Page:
Characters in Doctor Strange who mean more than you realized

Doctor Strange is finally here to blow our minds with another mystical side of the Marvel universe. We're introduced to a host of new characters that inhabit the hidden world of sorcerers and infinite dimensions, which makes it a little tough to wrap our heads around just who's important in this part of the MCU. But Looper's got you covered: we've done the homework and found out more about who's who in the world of Doctor Strange, saving you the trouble of going on a pilgrimage to Kamar-Taj for answers. For anyone who hasn't seen the film yet, be warned: there are SPOILERS AHEAD.

Baron Mordo

One of the Ancient One's most adept students, Karl Mordo is a gifted sorcerer and one of Stephen Strange's teachers in the film. Though he starts out as an ally, Mordo questions the Ancient One's teachings once he learns she draws her immortality from the Dark Dimension. At the end of the film, he's abandoned Kamar-Taj and gone off on a journey of self-discovery—which ultimately leads him become a villain. In the Strange Tales comics, he had a similar origin as a student of the Ancient One. One key difference was that he plotted to kill the Ancient One and was stopped by Strange. He's gone on to become a recurring villain in the Marvel Universe, with a particular knack for summoning demons—in fact, Mordo's 2016 arc involves striking a bargain with Dormammu, similar to the one sought by Kaecilius in the film. We're hoping this means we'll see Chiwetel Ejiofor's character follow a similar path in future films.


Wong is the librarian at Kamar-Taj and is somewhat of a strict man, seemingly incapable of laughter. Although he discovers the magic of Beyonce thanks to Strange, we don't see much of any warmth or levity from him until the end of the movie. Other iterations of Wong throughout the comics and video games see Wong as Strange's "faithful friend and companion," which means we could see the two get very chummy in the future. In the Strange Tales comic books, he serves as a sidekick and valet, assisting the Sorcerer Supreme while being unable to cast magic himself; in more recent issues of Strange's standalone adventures, he's been more of an all-purpose teammate, acting as a much-needed failsafe against some of the Doctor's worst foes (and impulses). We look forward to seeing Wong and Stephen's friendship blossom in future films—and we can't wait to see Wong open up more cans of butt-kicking action with the Kamar-Taj style of martial arts.

Nicodemus West

Dr. Nic West is one of Strange's colleagues, and clashes with the good Doctor's ego early in the film when he almost harvests a man's organs after mistakenly calling his death on the table. While he isn't given much screen time, Nicodemus West is a little more interesting than he seems. In the Doctor Strange: The Oath books (as in the film), he operated on Strange's hands after his accident, leaving them with nerve damage. He also followed Strange to Kamar-Taj, where he actually became a student and learned about magical healing. His training, however, was unfinished, and he ended up returning to the "normal" world. We've got no idea if Michael Stuhlbarg will ever reprise his role as West, but were glad to see Strange defer to him later in the film, giving him a chance to perform surgery when Strange could not.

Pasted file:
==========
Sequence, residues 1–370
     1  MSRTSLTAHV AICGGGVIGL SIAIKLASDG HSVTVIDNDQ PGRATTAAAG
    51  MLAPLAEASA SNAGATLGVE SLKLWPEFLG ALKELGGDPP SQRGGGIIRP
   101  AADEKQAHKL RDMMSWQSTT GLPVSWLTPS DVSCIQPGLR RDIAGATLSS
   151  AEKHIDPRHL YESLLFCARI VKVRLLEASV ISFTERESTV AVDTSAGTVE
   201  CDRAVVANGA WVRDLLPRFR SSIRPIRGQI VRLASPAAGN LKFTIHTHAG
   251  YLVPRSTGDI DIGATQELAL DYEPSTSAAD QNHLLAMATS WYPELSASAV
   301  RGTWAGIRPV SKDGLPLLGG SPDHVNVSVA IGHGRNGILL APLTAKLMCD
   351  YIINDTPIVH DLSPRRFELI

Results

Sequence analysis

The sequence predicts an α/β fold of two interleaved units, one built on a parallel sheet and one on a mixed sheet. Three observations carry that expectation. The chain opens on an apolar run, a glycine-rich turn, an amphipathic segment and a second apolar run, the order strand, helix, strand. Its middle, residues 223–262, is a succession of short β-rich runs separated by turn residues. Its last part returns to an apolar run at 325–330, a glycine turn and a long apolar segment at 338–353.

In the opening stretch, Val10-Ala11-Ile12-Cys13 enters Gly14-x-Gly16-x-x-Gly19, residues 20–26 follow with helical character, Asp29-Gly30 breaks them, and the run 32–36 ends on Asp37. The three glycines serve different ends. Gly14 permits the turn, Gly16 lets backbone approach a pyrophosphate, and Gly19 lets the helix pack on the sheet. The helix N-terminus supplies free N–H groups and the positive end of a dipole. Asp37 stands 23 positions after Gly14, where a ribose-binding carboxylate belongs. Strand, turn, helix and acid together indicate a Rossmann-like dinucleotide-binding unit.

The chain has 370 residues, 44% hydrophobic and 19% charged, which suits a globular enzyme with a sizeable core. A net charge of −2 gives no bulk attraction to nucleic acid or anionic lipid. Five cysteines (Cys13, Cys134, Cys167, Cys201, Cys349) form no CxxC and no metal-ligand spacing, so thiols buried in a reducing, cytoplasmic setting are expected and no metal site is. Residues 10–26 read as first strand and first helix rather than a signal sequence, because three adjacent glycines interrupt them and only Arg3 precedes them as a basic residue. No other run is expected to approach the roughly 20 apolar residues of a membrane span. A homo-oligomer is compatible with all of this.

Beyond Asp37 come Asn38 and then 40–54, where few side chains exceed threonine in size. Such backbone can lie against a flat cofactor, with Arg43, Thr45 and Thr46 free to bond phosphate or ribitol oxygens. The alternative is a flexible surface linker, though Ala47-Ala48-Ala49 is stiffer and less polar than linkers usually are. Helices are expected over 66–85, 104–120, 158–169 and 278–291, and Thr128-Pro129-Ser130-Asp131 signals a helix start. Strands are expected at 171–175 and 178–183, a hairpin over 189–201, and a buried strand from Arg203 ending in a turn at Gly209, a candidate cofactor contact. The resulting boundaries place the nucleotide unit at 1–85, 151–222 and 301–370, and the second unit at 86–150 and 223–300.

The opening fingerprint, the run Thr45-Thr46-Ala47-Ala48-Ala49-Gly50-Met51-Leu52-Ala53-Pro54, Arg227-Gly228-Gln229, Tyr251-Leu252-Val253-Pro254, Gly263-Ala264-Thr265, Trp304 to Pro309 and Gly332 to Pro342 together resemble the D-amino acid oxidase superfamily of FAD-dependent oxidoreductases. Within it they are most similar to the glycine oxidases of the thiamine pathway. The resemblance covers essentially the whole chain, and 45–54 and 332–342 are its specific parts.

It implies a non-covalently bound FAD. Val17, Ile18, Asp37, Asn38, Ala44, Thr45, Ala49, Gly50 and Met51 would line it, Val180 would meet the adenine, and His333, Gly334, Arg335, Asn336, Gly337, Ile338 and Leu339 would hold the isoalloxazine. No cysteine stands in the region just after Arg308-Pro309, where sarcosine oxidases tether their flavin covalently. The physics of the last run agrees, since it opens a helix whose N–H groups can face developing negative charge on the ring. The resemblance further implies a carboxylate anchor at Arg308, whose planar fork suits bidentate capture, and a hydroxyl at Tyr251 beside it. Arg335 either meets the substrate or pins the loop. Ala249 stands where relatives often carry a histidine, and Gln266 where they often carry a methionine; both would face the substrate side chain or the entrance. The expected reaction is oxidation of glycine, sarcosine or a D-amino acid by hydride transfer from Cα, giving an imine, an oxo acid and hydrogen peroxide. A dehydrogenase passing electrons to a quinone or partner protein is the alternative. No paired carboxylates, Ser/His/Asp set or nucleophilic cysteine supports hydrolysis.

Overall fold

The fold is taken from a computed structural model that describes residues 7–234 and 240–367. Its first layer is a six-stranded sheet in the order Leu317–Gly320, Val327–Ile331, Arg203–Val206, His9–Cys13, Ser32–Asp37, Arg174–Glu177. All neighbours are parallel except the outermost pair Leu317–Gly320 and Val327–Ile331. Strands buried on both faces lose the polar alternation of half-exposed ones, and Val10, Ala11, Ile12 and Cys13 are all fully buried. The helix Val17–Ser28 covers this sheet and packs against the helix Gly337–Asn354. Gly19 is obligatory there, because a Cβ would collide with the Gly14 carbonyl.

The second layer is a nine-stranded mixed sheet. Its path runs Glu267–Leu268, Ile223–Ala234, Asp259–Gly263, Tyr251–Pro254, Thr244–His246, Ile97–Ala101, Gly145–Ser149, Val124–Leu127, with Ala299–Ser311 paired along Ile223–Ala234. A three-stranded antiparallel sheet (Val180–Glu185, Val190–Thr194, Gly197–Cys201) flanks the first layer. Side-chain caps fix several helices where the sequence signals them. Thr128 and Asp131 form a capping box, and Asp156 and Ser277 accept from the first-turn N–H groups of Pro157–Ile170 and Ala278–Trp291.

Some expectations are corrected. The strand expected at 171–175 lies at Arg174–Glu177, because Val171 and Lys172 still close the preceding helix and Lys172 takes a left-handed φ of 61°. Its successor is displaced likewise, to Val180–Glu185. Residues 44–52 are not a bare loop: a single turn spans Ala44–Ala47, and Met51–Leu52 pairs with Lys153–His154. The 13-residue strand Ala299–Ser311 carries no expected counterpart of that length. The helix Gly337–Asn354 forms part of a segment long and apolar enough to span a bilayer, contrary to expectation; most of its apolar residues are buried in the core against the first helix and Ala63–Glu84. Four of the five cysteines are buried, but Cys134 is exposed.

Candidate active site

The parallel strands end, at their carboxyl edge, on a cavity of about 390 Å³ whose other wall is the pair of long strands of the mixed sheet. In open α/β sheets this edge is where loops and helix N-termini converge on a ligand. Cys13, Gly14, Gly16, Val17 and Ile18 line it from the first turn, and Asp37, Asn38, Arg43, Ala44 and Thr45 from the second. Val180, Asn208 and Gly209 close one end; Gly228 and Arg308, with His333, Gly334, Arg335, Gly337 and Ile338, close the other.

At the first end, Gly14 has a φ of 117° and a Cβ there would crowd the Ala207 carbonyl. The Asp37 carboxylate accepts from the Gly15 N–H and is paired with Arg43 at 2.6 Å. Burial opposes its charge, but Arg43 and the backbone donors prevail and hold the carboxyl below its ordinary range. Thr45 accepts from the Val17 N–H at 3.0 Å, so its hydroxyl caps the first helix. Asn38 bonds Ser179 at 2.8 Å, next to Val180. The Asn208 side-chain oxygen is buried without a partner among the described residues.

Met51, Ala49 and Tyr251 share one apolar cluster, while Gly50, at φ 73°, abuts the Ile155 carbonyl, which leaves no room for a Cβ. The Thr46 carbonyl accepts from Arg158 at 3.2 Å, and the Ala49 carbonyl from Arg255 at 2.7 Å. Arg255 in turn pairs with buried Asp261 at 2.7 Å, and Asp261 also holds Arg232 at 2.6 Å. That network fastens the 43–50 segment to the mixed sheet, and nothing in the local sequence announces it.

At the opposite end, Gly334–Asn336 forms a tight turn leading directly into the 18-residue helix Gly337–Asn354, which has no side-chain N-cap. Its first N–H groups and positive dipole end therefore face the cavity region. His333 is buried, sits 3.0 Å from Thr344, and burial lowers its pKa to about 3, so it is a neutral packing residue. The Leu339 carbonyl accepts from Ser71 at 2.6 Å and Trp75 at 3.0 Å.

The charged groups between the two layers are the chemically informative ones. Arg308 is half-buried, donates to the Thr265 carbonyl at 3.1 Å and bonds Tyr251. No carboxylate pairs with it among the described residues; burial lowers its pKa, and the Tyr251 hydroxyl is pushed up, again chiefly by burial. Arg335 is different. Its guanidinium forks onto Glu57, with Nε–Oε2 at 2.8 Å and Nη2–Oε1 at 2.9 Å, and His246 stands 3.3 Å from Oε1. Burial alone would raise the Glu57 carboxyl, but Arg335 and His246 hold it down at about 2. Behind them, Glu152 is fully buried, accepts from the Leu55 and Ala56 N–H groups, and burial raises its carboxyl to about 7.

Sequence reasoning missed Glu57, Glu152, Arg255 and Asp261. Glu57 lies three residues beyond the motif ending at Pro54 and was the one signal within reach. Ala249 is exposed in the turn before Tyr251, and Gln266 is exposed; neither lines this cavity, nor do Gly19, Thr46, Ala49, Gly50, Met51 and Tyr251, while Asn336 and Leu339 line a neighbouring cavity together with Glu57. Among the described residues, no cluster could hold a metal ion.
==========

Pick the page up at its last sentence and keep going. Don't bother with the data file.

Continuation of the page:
Christine Palmer

Christine Palmer is a surgeon and a former flame to Stephen Strange. A caring person, she actively helps Strange after his accident before finally being pushed away by his self-pitying rage. While she's portrayed as a talented surgeon and a dutiful friend/ex-lover in the film, the character of Christine Palmer has a pretty rich comics history. She appeared as one of the main characters in the Night Nurse comics, which told the stories of a nurse named Linda Carter who adopted the moniker "Night Nurse" and helped injured superheroes—not unlike Claire in Netflix's Daredevil. In the comics, she encounters more of Marvel's superheroes, meeting X-Men like Storm and Nightcrawler. We're fairly certain we won't see Rachel McAdam's Christine Palmer in any X-Men films, but we look forward to seeing her return in future Doctor Strange adventures.

Cloak of Levitation

In Doctor Strange, the Cloak of Levitation is an ancient magical relic that "chose" him and protected him while he was under attack from Dormammu's zealots. It seemingly has a life of its own, capable of pointing Strange towards helpful objects and even wiping away his tears. In the comic books, Strange actually has many Cloaks of Levitation, sometimes even stitching together a new cloak from old ones, like in the Doctor Strange: Sorcerer Supreme books. At one point in the comics, his cloak was able to become larger than our own solar system when doing battle with Adam Warlock. Given Dormammu's size in the film, we'd love to see something like that happen in the future. Maybe he could even use it to wrangle Thanos into submission?


"Dormammu, I've come to bargain!" Those are words you'll likely hear a lot from Doctor Strange fans. While Strange might have been successful in annoying the demon of the Dark Dimension into submission, he didn't actually kill him. It's also important to note that the bargain Strange made with Dormammu said that the demon would have to leave Earth alone, but it didn't say anything about other worlds. Given the fact that Dormammu is a recurring villain in the Marvel universe, we could see him appear as a problem for other cosmic heroes, like the Guardians of the Galaxy or even Captain Marvel. As a mystical entity, we don't expect to see too much of him outside of Doctor Strange's realm, but it's wholly possible. He has, after all, appeared in the Avengers Assemble series and Ultimate Spider-Man, so he's been known to cause trouble on smaller scales as well. We're hoping to see more of this mystical menace in the future.